Out­door equip­ment re­tail­ers aim for growth in tough mar­ket

The Hamilton Spectator - - BUSINESS - ALEKSANDRA SAGAN

In a coun­try bor­der­ing three oceans, boast­ing the Rocky Moun­tains and dot­ted with more than 40 na­tional parks, it seems nat­u­ral that out­door ap­parel and equip­ment re­tail­ers would flour­ish.

Three such com­pa­nies all have plans to ex­pand their na­tional foot­prints in the near fu­ture, grow­ing their store count as brick­sand-mor­tar re­tail­ers strug­gle to keep their doors open.

There is “def­i­nitely a ro­bust mar­ket­place for them to play in,” said Matt Teeple, the di­rec­tor of sports for NPD Group, a mar­ke­tre­search firm.

MEC, which al­ready boasts 21 lo­ca­tions, plans to open a new store this year in Kitch­ener and a sec­ond lo­ca­tion in Cal­gary. A third store for Cal­gary is planned for 2019. The com­pany will also up­grade its Vancouver and Toronto lo­ca­tions to big­ger build­ings next year.

SAIL, which sells out­door, camp­ing, hunt­ing and fish­ing equip­ment, to­tals 10 stores in Que­bec and On­tario with plans for 11 as of April, spokesper­son Kathy Kourlas wrote in an email.

SAIL also wants to open ad­di­tional stores in On­tario and Que­bec in the im­me­di­ate fu­ture, she said, but did not elab­o­rate on how many and how soon.

Out­fit­ting re­tailer Ca­bela’s op­er­ates 11 stores and plans to open one in Hal­i­fax next year.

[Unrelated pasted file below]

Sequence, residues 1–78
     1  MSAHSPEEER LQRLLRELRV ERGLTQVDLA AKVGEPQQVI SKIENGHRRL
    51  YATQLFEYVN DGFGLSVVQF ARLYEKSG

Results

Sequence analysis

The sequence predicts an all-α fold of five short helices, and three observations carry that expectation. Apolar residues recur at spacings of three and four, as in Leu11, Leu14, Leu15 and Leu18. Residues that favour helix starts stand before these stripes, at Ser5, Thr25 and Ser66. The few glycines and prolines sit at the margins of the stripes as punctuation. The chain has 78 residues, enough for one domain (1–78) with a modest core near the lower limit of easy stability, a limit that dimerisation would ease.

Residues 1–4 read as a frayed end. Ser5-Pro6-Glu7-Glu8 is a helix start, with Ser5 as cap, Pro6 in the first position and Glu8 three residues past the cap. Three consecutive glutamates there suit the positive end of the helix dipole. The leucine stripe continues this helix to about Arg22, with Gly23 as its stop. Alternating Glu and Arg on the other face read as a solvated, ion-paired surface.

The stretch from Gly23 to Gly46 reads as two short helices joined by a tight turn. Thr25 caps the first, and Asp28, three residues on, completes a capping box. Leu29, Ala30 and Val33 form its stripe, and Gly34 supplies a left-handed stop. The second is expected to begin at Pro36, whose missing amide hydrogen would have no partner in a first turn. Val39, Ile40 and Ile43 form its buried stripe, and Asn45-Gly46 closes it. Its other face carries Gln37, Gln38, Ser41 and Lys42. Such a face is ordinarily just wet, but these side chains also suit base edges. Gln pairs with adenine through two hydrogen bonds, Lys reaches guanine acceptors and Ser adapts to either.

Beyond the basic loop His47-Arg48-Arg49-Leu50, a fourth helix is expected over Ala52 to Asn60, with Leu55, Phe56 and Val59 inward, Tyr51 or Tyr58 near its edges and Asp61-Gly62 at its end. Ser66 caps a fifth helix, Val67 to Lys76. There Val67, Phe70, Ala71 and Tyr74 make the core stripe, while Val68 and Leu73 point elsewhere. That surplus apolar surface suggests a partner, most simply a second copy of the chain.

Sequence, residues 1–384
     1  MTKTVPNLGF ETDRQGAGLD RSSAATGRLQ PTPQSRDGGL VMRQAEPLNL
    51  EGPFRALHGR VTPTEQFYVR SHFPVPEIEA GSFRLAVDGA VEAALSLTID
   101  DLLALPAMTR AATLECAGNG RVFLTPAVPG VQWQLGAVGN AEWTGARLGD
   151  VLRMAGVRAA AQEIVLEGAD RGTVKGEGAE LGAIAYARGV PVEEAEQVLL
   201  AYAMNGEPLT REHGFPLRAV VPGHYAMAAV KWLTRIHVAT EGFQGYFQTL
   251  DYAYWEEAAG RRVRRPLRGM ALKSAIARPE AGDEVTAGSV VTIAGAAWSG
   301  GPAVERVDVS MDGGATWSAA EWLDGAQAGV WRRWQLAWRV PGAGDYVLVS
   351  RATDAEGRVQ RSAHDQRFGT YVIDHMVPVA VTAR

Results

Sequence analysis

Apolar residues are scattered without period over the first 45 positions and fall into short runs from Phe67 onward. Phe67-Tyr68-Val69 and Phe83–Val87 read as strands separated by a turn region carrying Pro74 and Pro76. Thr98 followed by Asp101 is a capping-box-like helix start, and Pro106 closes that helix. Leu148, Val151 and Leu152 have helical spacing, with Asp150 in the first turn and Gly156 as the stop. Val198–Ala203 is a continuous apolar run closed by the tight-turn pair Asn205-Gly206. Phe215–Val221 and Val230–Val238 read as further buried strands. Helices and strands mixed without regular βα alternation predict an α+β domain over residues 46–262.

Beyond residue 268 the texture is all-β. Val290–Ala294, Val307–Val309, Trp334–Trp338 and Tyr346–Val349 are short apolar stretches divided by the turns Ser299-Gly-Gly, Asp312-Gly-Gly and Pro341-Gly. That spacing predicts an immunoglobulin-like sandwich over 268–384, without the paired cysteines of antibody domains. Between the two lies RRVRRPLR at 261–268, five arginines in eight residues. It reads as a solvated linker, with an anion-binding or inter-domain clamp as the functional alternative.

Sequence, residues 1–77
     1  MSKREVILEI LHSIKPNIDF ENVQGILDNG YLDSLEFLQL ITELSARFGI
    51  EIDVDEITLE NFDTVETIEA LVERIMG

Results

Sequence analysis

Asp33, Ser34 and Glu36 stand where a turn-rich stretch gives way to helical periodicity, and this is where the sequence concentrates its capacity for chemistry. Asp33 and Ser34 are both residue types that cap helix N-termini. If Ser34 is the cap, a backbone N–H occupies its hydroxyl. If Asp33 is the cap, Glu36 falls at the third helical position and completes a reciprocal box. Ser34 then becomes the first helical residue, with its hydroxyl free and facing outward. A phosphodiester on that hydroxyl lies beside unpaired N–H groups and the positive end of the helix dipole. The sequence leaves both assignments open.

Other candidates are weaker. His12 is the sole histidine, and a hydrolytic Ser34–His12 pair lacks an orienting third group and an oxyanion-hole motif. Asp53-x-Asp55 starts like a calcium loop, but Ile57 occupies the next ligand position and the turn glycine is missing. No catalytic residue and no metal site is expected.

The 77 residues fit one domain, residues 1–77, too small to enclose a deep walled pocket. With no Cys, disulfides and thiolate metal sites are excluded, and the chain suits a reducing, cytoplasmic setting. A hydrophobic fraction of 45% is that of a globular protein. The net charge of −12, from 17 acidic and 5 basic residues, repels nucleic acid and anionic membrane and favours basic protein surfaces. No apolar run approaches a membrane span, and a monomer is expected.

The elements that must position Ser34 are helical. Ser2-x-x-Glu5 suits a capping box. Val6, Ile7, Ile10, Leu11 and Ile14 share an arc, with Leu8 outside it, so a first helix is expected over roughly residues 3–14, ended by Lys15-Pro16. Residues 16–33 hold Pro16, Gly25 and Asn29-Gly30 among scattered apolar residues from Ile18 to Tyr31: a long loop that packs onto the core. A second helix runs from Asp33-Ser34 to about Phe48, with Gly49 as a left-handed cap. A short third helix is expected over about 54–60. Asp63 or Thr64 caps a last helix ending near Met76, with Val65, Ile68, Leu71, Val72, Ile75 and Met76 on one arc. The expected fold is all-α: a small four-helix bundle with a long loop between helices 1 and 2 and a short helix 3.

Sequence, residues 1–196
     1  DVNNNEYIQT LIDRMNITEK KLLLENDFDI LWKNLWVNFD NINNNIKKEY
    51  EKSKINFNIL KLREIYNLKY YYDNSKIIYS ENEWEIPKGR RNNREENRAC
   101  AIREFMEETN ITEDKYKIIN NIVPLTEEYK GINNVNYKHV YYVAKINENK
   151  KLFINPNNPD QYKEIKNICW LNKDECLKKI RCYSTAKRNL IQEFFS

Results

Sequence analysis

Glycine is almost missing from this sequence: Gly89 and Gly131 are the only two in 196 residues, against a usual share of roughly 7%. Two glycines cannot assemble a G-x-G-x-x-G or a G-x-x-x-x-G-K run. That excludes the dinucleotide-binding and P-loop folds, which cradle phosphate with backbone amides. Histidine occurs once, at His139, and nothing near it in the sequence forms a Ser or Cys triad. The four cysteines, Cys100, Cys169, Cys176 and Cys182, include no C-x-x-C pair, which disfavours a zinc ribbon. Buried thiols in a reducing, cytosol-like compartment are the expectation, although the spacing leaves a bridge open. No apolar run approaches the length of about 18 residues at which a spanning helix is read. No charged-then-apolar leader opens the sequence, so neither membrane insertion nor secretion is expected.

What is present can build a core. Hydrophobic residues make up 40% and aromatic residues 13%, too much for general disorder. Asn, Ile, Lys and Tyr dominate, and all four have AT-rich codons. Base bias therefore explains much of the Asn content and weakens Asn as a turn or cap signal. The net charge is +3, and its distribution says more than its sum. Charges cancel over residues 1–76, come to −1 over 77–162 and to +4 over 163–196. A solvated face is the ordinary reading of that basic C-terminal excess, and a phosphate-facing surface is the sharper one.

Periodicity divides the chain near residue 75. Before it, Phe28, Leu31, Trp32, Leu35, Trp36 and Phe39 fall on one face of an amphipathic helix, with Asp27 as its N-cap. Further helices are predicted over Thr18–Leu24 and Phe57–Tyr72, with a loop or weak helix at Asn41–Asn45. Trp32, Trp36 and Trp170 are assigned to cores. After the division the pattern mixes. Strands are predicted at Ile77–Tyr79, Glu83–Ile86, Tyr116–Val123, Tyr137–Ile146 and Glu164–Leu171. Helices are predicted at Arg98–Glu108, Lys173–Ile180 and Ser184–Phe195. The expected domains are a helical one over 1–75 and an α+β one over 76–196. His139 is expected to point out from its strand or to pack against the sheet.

Mean­while, re­tail­ers in other sec­tors are fold­ing their op­er­a­tions. Last week, a judge ap­proved an ap­pli­ca­tion to place mu­sic chain HMV Canada Inc. into re­ceiver­ship and close its 102 stores.

In re­cent mem­ory, Danier Leather, Mexx Canada, Smart Set, Jacob and Blacks are among some of the chains suf­fer­ing sim­i­lar fates and shut­ter­ing store­fronts across Canada.

MEC, a brand built on out­fit­ting back­coun­try en­thu­si­asts, says it man­ages to main­tain mo­men­tum by chang­ing along with Cana­di­ans.

“We know that to be rel­e­vant into the fu­ture, we have to do things dif­fer­ently,” said CEO David Labis­tour.

MEC no­ticed its mem­bers were just as ac­tive in the cities they lived in as they were in the wilder­ness.

In 2015, the com­pany in­tro­duced its first col­lec­tion of skis and snow­boards for re­sort­style down­hill skiers. It has also added goods for ur­ban-dwellers who get their ac­tiv­ity fix by cy­cling and run­ning, Labis­tour says.

Since its re­brand­ing, MEC’s grown from 17 lo­ca­tions to 21, and Labis­tour said there’s no ques­tion it was a good de­ci­sion.

The com­pany’s shift makes sense, said Teeple, con­sid­er­ing more Cana­di­ans are a softer type of out­doorsy con­sumer.

Nearly half of Cana­di­ans iden­tify as out­doorsy, he said, cit­ing NPD Group data. How­ever only about 11 per cent would go so far as to say they’re a back­coun­try type of out­door en­thu­si­ast, ac­cord­ing to an on­line sur­vey the firm con­ducted be­tween Sept. 1 and 9 last year. Nearly three times that — or 29 per cent — fit into a softer ver­sion, one that en­joys camp­ing, walk­ing, hik­ing, cy­cling, and aer­o­bic or other types of work­outs.

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